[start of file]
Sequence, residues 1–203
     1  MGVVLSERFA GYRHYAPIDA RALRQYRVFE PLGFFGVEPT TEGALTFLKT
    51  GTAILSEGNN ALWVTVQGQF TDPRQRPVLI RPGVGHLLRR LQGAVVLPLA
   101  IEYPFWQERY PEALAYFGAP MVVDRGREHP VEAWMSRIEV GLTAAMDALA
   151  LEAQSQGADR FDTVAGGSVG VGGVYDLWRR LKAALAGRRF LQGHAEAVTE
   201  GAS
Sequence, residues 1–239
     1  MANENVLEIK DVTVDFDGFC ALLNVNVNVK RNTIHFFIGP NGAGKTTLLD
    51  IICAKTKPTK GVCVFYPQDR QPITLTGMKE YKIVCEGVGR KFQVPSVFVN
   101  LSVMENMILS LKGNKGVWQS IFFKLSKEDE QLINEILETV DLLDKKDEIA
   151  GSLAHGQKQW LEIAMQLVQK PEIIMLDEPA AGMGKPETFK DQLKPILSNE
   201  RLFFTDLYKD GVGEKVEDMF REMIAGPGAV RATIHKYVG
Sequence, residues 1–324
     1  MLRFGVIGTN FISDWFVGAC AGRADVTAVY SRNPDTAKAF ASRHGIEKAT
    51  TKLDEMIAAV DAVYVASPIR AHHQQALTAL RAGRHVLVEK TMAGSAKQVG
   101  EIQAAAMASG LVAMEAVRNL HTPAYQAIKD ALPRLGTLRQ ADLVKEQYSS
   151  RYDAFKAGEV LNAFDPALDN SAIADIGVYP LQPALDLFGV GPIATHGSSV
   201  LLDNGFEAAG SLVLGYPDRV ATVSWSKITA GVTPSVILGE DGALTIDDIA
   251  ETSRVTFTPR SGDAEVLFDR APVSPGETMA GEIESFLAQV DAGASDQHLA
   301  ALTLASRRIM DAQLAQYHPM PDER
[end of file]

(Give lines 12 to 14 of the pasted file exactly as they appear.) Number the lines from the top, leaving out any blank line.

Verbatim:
   201  RLFFTDLYKD GVGEKVEDMF REMIAGPGAV RATIHKYVG
Sequence, residues 1–324
     1  MLRFGVIGTN FISDWFVGAC AGRADVTAVY SRNPDTAKAF ASRHGIEKAT